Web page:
HIPAA Compliance & Infection Prevention Tips

HIPAA Compliance & Infection Prevention Tips

By Jennifer Thompson
OSHAcademy Business Development & Relations Manager

Ensuring safety within the healthcare settings is crucial, both for the health of patients and for safeguarding healthcare workers. By focusing on key safety issues and potential risks, healthcare professionals can create a more secure environment for all involved.  Below are some important topics that every healthcare facility must address.

HIPAA Privacy Training

HIPAA (Health Insurance Portability and Accountability Act) Privacy Training is essential for protecting patient information. This training ensures all healthcare workers understand the importance of confidentiality and are aware of the procedures to protect patient data. Regular training sessions can help prevent unauthorized access to personal health information, thereby maintaining trust and compliance with federal regulations.

Since the compliance date of the HIPAA Privacy Rule in April 2003, the Office of Civil Rights (OCR) has received more than 351,372 HIPAA complaints and has initiated more than 1,183 compliance reviews.  To date, OCR has settled or imposed civil money penalties in 142 cases, resulting in a total dollar amount of $142,448,772.00.  The investigated complaints were made against many different types of entities including, hospitals, physician offices, pharmacies, outpatient facilities, community health centers, and health plans.

It's crucial for your team to understand parts of the HIPAA law, like privacy and security rules, and how to keep patients' information safe. OSHAcademy course 625 HIPAA Privacy Training provides more information on these important compliance requirements.

Bloodborne Pathogens

According to the National Institutes of Health, it is estimated that approximately three million exposures to bloodborne pathogens occur annually.  Most often this is due to accidental punctures.  Bloodborne pathogens training is crucial for anyone who might come into contact with blood or other potentially infectious materials. OSHAcademy course 656 Bloodborne Pathogens Training in the Healthcare Setting educates healthcare workers on the risks associated with bloodborne pathogens such as HIV, hepatitis B, and hepatitis C, and provides guidance on the proper procedures for handling and disposing of sharps and other contaminated materials. The goal is to minimize exposure and prevent transmission of diseases.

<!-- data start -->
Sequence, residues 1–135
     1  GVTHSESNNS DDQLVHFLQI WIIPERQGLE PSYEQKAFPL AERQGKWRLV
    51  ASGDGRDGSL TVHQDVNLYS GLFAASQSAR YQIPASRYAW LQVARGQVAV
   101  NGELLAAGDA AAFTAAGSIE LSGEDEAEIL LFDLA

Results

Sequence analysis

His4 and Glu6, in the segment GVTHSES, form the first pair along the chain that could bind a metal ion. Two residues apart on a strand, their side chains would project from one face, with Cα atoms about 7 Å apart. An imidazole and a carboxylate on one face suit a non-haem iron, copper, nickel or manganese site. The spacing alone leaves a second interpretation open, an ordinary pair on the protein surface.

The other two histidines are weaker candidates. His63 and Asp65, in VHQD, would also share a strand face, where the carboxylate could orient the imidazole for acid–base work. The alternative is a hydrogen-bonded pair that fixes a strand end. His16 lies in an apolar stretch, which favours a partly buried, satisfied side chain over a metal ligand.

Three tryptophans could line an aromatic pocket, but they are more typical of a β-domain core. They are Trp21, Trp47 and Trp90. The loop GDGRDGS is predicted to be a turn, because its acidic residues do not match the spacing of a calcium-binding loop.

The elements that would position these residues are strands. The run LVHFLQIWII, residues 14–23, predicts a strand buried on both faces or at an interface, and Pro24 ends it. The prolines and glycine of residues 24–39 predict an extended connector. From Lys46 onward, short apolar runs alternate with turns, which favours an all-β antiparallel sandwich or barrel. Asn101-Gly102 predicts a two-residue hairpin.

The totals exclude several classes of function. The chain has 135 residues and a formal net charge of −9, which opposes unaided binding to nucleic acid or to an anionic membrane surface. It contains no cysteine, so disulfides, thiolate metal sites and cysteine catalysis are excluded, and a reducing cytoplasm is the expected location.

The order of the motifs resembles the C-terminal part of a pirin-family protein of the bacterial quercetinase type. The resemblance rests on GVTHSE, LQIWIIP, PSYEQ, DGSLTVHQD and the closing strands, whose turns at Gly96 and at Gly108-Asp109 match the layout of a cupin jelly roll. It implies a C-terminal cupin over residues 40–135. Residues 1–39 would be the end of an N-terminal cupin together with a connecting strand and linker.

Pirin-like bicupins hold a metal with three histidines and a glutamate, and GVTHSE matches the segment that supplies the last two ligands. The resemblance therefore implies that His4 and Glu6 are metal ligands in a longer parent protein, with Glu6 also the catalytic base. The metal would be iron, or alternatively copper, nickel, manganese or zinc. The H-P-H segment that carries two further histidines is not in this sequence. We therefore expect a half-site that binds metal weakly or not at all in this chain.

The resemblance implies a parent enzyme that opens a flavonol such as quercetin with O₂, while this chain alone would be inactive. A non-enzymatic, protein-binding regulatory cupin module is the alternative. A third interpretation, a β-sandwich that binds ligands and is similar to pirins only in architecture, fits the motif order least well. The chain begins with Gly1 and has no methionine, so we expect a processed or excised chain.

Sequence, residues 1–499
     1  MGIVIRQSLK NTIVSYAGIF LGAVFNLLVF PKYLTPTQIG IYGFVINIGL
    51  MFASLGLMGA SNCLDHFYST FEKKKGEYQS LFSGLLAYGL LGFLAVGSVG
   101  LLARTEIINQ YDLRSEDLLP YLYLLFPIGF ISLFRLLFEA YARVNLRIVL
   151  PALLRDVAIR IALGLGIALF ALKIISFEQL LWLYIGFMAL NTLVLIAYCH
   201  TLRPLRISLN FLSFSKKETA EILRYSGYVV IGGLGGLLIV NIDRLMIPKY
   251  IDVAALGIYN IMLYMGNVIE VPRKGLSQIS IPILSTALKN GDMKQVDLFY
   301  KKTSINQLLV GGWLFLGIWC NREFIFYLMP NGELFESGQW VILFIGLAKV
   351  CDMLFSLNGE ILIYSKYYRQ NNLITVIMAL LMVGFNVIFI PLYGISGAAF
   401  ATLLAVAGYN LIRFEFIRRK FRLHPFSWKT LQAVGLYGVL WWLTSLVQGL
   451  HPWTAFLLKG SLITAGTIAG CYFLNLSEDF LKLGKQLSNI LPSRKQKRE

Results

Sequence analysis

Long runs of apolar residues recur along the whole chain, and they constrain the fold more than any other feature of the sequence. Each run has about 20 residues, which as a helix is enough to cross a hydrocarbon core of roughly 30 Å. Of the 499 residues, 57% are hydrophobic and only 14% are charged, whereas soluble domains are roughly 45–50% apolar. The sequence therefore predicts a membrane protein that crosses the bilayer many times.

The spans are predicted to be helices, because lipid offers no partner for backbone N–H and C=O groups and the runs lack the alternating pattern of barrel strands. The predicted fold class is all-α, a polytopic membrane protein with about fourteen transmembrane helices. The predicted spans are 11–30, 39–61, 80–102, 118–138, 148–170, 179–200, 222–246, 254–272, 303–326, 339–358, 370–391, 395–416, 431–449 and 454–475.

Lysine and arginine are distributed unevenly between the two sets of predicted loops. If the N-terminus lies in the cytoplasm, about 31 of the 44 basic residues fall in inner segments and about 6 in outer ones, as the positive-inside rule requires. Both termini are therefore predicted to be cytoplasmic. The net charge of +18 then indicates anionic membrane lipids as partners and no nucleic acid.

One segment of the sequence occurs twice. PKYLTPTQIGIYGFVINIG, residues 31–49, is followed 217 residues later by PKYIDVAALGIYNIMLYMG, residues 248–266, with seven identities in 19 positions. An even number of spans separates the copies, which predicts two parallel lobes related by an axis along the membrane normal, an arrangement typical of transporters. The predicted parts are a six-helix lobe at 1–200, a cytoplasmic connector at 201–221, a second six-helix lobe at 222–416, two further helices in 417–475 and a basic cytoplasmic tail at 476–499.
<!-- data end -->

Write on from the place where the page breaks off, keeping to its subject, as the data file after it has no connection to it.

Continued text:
Infection Prevention

According to the Centers for Disease Control and Prevention (CDC), about one in 31 patients in U.S. hospitals and one in 43 residents in nursing homes acquire at least one Hospital Acquired Infection (HAI) each day.  A significant number of these infections are due to bacteria such as C. diff and methicillin-resistant Staphylococcus aureus (MRSA), which can transmit to individuals through surfaces in healthcare facilities.

“Bacteria multiplies very rapidly and can live on surfaces indefinitely”, says Benjamin Galvan, director of infection prevention at Florida South Tampa Hospital.  He continues by saying, “If we are not cleaning or disinfecting properly, then we are increasing the possibility of spreading pathogens to our patients through contaminated hands and surfaces.”  Healthcare facilities should have clear protocols for infection control and provide ongoing training to staff to ensure these practices are followed consistently.

OSHAcademy course 138 Workplace Hygiene and Illness Prevention  explains how to prevent the spread of infectious diseases.  It includes the following topics:

  • proper hand hygiene
  • cleaning & disinfecting
  • the use of hand sanitizer
  • indirect transmission
  • and much more  

Personal Protective Equipment (PPE)

Another infection prevention tool is to correctly utilize Personal Protective Equipment (PPE) while attending to patients.  PPE serves as a shield for healthcare professionals against harmful pathogens by blocking contact with bodily fluids and respiratory droplets. Using PPE properly is one of the top methods for safeguarding both patients and healthcare workers against infectious agents. Additionally, careful application (donning) and removal (doffing) of PPE are essential actions to minimize the risk of contamination.

Emphasizing the importance of PPE and ensuring that it is readily available and used correctly can be a vital tool for protecting healthcare workers from exposure to infectious agents and hazardous materials in the healthcare setting. 

Lack of proper training and education can adversely affect adherence to PPE protocols.  OSHAcademy offers a great course, 178 Healthcare: Personal Protective Equipment, to help your team understand the importance of PPE.  This training covers the proper selection, use, and disposal of PPE, including gloves, masks, gowns, and eye protection.

In conclusion, by focusing on these key areas, healthcare facilities can create a safer environment for patients and healthcare workers alike. It requires a commitment to regular training, adherence to established protocols, and a culture of safety that prioritizes the well-being of everyone involved. Through diligent efforts in these areas, healthcare facilities can significantly reduce the risk of privacy breaches, infections, and other safety concerns.

Works Cited

Office for Civil Rights (OCR). “Enforcement Highlights - Current.” HHS.gov, 20 Nov. 2015, www.hhs.gov/hipaa/for-professionals/compliance-enforcement/data/enforcement-highlights/index.html.

FMLink. “Examining the State of Infection Prevention in 2023.” FMLink, 12 July 2023, www.fmlink.com/articles/examining-state-infection-prevention-2023/. Accessed 20 Feb. 2024.

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